VISIONS ARE ONE OF THE original English alternative worship groups, emerging from an event in 1989 as Warehouse, running regular public services since 1992 and changing name to Visions along the way. In recent years they have had a regular pattern of worship on three Sundays each month a dance service, a more ambient communion service, and a prayer/meditation service that includes a small labyrinth. Recently it seems the "dance" service has taken on a more laid-back character. Visions say, "everyone listens to dance music now but fewer people in our congregation seem to want to dance to it."
Visions are attached to the large evangelical Anglican church of St Michael-le-Belfry in York, made famous by the ministries of David Watson in the 1970s and more recently by Graham Cray. Although Visions differ in theology and church practice, St Michael's have always been supportive, and Visions have been involved in combined church events elsewhere and at York's huge cathedral.
York is an ancient city, founded by the Romans and still possessing its medieval city walls. St Cuthbert's is its oldest church, founded in AD687, and the east wall is mostly reused Roman masonry. Nowadays the centre of the church is occupied by modern offices in a glass and timber pod, leaving the old sanctuary area just the right size for a Visions service.
THE WORSHIP SPACE TONIGHT has chairs round the edge and beanbags in the middle no front, but definitely a centre in the form of a white altar. Three side of the space are completely covered with video and slide projections, and there is a stepped arrangement of TVs as well.
Visions, appropriately enough, are notable for their spectacular visual effects. The sense of sight is fed magnificently. Typically, all available wallspace will be papered with huge video projections, augmented by slides and TVs which may be showing different sequences to those on the walls. I counted at least three things mixed at once on the TVs, but was later told that there had been up to seven.
Visions' imagery is either nature, such as fish, flowers, landscapes; or medieval religious, icons and stained glass. All is sumptuous in colour and richness, and the combined effect is 21st century psychedelic stained glass, like being inside a stained glass window.
The congregation numbers about 30, and its age runs from 20s to 40s, with a couple of children. We are welcomed by Sue Wallace, in her black leather worship trousers (joke) and wielding a radio mic. This is Easter Saturday night, and the service will follow the trajectory from tomb to resurrection. To one side is a black bier, on which lies a spotlit figure in white bandages.
Worship opens with a hymn, lyrics mixed into the projections over the images. Visions write their own songs in an upbeat but dignified techno-dance idiom, and also recast older hymns in the same style. Sue leads the way with her powerful voice I am relieved to find that the hymns still work for those with voices two octaves lower. The response of the congregation is better than at many alternative worship services. The clear melodies, strong beat and many verses seem to encourage participation.
THE NEXT SECTION IS ABOUT Mary Magdalene. We sit silently for a while and listen to a sad song. On the TVs, words about her predicament appear. From the back a hooded figure makes her way to the bier and lays red carnations on it. Then sticks of kindling wood and pens are handed out. We are invited to scratch into the wood something for which we grieve.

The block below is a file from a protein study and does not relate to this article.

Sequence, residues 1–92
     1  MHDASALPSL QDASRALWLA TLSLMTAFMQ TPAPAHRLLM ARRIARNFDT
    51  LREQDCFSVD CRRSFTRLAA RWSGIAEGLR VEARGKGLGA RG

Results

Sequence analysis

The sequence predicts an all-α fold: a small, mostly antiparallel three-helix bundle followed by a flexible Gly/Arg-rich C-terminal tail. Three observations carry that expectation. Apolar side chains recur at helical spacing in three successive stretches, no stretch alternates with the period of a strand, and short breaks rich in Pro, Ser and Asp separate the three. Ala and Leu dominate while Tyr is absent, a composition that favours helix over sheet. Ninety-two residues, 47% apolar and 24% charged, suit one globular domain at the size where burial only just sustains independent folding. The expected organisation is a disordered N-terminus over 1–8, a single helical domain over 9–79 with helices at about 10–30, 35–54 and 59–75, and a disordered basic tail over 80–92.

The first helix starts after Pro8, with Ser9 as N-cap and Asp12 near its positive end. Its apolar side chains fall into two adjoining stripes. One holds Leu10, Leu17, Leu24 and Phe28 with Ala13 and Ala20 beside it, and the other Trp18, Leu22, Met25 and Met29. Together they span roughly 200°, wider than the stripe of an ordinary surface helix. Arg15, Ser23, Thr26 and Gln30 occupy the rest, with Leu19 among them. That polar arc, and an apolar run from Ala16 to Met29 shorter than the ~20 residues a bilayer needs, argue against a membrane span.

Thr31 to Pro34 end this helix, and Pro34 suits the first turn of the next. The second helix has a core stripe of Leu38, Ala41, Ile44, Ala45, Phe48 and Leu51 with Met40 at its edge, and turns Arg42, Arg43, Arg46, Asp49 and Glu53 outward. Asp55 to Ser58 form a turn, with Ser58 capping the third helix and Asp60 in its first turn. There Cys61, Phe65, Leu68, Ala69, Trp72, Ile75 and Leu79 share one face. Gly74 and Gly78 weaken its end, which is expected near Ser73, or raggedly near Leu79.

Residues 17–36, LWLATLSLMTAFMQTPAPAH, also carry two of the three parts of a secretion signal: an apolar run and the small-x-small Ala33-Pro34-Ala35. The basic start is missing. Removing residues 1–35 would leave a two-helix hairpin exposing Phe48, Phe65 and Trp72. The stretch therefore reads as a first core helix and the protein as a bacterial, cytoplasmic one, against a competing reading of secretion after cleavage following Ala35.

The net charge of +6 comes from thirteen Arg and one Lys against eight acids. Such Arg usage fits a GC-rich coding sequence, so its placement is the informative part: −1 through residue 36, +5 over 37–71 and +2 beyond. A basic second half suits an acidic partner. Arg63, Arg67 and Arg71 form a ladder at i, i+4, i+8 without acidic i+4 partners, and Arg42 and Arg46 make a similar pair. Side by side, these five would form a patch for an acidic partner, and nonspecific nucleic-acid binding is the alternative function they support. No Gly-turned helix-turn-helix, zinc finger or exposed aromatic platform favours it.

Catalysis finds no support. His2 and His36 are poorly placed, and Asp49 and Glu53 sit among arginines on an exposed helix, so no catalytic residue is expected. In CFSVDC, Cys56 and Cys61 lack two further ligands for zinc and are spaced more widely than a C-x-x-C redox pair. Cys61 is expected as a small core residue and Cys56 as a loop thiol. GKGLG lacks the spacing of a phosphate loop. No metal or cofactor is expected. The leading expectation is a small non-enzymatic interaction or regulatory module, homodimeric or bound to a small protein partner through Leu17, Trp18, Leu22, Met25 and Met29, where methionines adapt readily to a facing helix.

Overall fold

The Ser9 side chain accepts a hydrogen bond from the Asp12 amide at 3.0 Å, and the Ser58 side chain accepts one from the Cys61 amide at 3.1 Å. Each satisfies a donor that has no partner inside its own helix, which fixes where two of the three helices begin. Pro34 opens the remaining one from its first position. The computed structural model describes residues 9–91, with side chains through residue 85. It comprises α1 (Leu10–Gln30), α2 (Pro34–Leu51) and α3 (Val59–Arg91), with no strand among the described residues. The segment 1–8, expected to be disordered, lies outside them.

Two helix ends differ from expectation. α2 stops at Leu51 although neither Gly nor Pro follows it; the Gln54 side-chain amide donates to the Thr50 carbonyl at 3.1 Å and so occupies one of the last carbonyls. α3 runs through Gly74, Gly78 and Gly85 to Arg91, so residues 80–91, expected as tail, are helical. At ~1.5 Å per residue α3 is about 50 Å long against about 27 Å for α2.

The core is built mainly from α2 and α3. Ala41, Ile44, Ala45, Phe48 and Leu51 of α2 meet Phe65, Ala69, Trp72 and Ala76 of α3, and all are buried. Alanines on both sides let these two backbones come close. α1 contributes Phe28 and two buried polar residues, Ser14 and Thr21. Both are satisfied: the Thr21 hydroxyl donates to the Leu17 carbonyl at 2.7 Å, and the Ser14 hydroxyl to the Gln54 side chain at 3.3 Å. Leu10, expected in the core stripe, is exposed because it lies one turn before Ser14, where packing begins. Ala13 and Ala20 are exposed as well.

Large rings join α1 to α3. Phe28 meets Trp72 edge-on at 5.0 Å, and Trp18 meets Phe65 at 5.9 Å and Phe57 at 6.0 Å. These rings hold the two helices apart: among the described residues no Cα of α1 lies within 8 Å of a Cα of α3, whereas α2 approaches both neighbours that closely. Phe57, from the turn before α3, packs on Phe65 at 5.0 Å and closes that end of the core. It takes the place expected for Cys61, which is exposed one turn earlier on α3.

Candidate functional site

Then we all troop outside into the churchyard, where there is a blazing fire inside a circle of stones. We cast our sticks with their griefs into the flames. It's a cheerful and beautiful moment as only a fire outdoors at night can be. Someone is carrying the tall Easter candle. While a liturgy is read incense pins are pressed into the side of the candle to represent the wounds of Christ, and then it is lit by lowering it [carefully] to touch the fire. We pass the candle to one another around the circle with the words, "the light of Christ".
Then we follow the candle indoors again to find that the "body" on the bier has gone, replaced by a pile of bandages beside the flowers. We renew our baptismal vows, signing one another on the forehead with water. There follows a Celtic communion liturgy, with several people (one ordained) officiating. Many alternative worship groups have dispensed with the presence of an ordained minister at holy communion, for various theological and practical reasons, but Visions believe in a continuing role for them.
We pass round the bread among us, each taking a small piece, and then the cups are passed around. So much as usual, except that we are supposed to keep our piece of bread and dip it in the wine when it comes. This instruction is contained in the middle of a paragraph projected on the wall; I scan it carelessly, miss the crucial instruction and swallow my bread immediately. Then I realise my error, but resist the temptation to be the only person to take a swig from the chalice! If I'd had my wits about me I could have used a finger...
After the service more wine and nibbles are passed round, and then a meal is served some hot dishes, rice, pasta. Nice. Bet that doesn't happen every service!
Visions' songs are available from their website, and many of the images and video loops can be downloaded from The Scriptorium, a web-based worship resource library which they were instrumental in setting up. Sue Wallace's book of prayer activities Multi-sensory Prayer is available from Amazon.
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